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9.22.2011

handmade gifts for teacher

Note: I found this post "in draft" from two years ago. I don't know why? - probably had to check the links and then forgot ??  

I haven’t posted about any of the paper crafting going on around here lately so here are some handmade gift ideas for those fabulous teachers in our lives. In many towns parent groups like to have a teacher appreciation event at the beginning of the year, our area likes to have one in May.  These are actually really nice for any time of year you want to make handmade gifts.

We used some of these for the national PTA’s Teacher Appreciation Week/Day and for end of year gifts. Our school has activities for a whole week in May involving teacher appreciation; beginning with the children writing a special Thank You to any teacher they wish to compliment and ends with the PTA sponsored appreciation luncheon at the end of the week.
I think about all the other caring adults and volunteers we run into as a family and I know they put aside time each week to plan something special for the kids. From the preschool parent/child group organizers to the religious education volunteers at our church each one has a special place in our hearts.
I turn to making something handmade. Fortunately I have found out that we have many scrapbookers in our teacher mix. This is good news for me since I’m really only good at one thing. Paper. I also find it simple to put together something that is practical, that will be used and that is versatile to be used any which way they want.

A set of handcrafted note cards or hand stamped journaling cards are a recent example. I pulled from my  “stash” of scrapbooking and card making supplies and also from the growing stash of digital designs I have fallen in love with.

1. The hand stamped journal cards were inspired from an old blog post over at the fontwerks blog.
2. (no picture available, sorry) A handmade note card set using digital designs can be made with any digital brush kit. It is easy...I simply find a digital design that is pretty and using some type of photo or graphic design software on your computer you customize it according to paper size you are using and what size you want the finished product to be. I like using an 8.5x11 piece of heavy weight card stock, cut in half this will give you two note cards. Mix and match with envelopes and tie together with twine or ribbon.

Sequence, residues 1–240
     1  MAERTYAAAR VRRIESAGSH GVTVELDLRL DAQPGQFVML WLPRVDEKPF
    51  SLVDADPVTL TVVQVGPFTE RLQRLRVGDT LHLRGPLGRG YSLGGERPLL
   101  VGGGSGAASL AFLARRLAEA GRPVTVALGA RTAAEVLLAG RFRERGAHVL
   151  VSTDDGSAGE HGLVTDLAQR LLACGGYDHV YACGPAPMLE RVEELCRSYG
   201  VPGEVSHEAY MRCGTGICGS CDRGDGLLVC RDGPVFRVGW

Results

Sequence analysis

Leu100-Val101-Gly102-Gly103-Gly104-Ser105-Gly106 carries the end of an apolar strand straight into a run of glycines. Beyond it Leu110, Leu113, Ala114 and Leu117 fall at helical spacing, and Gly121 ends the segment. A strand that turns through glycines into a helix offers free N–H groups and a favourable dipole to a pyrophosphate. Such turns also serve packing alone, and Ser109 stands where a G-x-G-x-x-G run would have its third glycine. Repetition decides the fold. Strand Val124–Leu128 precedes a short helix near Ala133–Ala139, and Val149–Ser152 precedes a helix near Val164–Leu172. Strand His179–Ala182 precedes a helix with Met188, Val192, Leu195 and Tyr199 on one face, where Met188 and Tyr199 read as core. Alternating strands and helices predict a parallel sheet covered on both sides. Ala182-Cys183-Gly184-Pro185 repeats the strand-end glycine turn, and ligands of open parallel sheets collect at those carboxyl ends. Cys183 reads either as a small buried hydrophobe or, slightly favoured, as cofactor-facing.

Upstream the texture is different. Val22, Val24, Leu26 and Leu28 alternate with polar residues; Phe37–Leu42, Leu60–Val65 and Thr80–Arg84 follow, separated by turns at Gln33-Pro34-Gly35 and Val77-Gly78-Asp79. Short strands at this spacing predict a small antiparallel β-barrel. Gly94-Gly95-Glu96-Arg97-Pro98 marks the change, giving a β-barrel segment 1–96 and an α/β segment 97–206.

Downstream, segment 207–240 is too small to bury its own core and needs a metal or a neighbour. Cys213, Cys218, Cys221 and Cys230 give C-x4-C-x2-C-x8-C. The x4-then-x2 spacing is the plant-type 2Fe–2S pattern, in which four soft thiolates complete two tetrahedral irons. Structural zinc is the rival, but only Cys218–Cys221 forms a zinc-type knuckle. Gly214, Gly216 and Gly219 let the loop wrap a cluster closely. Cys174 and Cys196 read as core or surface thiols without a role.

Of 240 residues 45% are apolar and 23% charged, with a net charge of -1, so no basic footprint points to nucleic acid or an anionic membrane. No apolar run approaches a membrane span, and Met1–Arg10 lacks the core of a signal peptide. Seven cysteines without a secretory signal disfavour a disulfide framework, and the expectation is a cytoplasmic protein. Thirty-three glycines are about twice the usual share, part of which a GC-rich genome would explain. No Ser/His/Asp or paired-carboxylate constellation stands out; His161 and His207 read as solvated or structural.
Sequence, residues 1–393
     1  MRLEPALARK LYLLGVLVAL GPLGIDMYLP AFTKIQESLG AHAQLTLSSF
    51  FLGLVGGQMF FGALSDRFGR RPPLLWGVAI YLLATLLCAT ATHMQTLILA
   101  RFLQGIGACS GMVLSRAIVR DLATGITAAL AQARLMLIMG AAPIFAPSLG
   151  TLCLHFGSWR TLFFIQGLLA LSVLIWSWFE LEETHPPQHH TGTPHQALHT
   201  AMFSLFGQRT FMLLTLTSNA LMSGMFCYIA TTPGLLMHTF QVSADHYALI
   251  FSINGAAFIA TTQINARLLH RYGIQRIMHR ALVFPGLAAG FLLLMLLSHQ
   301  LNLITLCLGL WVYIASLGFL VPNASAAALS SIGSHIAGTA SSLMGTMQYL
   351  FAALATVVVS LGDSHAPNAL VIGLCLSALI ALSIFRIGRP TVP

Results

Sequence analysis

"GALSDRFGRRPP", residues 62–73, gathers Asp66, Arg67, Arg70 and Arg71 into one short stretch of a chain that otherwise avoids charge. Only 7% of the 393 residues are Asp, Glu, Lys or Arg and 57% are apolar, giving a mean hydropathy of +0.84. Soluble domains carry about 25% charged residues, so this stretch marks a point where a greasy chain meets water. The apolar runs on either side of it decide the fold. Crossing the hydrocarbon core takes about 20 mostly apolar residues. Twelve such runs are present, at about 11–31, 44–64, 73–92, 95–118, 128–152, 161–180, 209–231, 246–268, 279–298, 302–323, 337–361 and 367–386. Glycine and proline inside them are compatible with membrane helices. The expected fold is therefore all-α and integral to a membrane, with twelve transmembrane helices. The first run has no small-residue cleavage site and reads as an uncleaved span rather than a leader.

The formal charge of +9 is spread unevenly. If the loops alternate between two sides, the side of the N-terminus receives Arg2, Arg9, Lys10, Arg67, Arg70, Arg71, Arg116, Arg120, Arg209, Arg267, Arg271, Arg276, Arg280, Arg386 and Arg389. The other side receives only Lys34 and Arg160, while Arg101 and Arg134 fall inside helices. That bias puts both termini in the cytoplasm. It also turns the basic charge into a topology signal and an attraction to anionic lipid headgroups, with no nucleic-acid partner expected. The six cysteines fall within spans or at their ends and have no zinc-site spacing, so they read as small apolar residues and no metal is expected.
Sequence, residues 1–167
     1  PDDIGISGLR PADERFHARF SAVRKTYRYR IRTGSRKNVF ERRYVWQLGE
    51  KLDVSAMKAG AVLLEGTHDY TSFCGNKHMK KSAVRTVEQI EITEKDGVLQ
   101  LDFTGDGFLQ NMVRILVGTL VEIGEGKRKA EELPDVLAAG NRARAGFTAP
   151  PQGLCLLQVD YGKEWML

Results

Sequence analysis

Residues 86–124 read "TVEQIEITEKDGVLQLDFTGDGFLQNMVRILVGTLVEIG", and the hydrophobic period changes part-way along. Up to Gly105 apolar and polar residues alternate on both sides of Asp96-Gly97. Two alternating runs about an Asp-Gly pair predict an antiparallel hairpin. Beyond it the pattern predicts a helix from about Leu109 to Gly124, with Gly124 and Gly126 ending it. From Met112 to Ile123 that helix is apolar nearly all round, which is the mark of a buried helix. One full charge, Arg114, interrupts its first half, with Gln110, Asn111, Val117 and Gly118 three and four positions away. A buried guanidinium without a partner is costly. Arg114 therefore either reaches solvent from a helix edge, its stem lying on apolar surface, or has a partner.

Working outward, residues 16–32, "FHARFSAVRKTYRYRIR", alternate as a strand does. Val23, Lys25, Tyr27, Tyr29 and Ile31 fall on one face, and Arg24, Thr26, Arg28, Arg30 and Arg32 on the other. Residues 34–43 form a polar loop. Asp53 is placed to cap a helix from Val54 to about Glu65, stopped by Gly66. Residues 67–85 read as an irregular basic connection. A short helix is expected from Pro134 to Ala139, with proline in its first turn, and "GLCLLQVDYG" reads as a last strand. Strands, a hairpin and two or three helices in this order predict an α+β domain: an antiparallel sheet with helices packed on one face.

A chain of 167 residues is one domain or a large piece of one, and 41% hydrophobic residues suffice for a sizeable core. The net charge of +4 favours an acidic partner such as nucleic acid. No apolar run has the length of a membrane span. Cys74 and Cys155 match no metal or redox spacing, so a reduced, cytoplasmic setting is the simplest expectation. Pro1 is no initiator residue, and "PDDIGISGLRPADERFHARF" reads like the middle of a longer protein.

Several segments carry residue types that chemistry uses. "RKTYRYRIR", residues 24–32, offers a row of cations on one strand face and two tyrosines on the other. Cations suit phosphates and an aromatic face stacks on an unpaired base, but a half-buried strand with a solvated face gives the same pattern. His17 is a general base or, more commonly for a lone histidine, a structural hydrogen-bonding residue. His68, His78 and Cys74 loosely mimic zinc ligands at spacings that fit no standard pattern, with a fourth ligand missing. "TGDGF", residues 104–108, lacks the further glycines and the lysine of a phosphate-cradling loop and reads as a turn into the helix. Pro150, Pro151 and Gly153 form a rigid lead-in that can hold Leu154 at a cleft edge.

3. Journaling cards were made from several designer digitals products, (the handwritten digital designs are from Ali Edwards).  Digital butterfly sticker also from designer digitals (though, no longer available). I also like to print out a background design and cut it to the size I need or use a paper punch (oval or circle scallop), then hand stamp an outline flourish or botanical design in the corners. Rubber stamps used are from hero arts or found online at impress rubber stamps. I am always attracted to either the botanicals or the flourishes. I always like to use a nice sturdy weight card stock for handstamping and digital projects. Can your printer handle some watercolor papers? If so, even better, that texture is beautiful. Mine can, but only the not too thick kind.
{This grouping also includes digital designs from Paper Relic (birds, butterflies with banners). Background paper from a digital kit of IOD (iron orchid design) designs from way back (2007 maybe.) Purchased at another fave site, scrapartist.com. They were some of the very first digital downloads I purchased and I still love them.}

There are so many to swoon over. And new ones added every week. Since you can print these out to use for your personal use (not commercial) and re-use again for cards/invites/gifts, plus re-size, and recolor, this is also a double bonus {or is that, triple? quad?}. Most are between 2.99 to 6.99 – I think that is affordable.


4. Let’s not leave out the “freebies” that could be practical additions to a paper project. Like making your own paper to fit your needs. I like to use these two freebie sites as a starting point for ideas such as making your own background patterns for a project. Here I like to use heavy weight card stock also.
Two favorites lately have been:
printablepaper.net (I discovered this one from a post over at the fontwerks blog) Cool school-lined paper.
And, a new to me,  free grid and graph paper site:
incompetech.com. I've loved graph paper ever since my high school days. This site has a circle grid graph generator that has nearly endless combinations of color and patterns. hmm, more swooning.


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